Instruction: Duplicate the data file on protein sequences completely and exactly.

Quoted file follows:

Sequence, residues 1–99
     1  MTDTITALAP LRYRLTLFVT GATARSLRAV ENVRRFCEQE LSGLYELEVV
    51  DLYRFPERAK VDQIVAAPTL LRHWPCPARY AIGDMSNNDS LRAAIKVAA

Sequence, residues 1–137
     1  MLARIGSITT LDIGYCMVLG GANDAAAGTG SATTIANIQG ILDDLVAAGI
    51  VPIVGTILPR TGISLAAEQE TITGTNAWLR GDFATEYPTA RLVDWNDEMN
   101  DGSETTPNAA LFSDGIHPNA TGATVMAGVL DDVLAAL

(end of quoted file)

Sequence, residues 1–99
     1  MTDTITALAP LRYRLTLFVT GATARSLRAV ENVRRFCEQE LSGLYELEVV
    51  DLYRFPERAK VDQIVAAPTL LRHWPCPARY AIGDMSNNDS LRAAIKVAA

Sequence, residues 1–137
     1  MLARIGSITT LDIGYCMVLG GANDAAAGTG SATTIANIQG ILDDLVAAGI
    51  VPIVGTILPR TGISLAAEQE TITGTNAWLR GDFATEYPTA RLVDWNDEMN
   101  DGSETTPNAA LFSDGIHPNA TGATVMAGVL DDVLAAL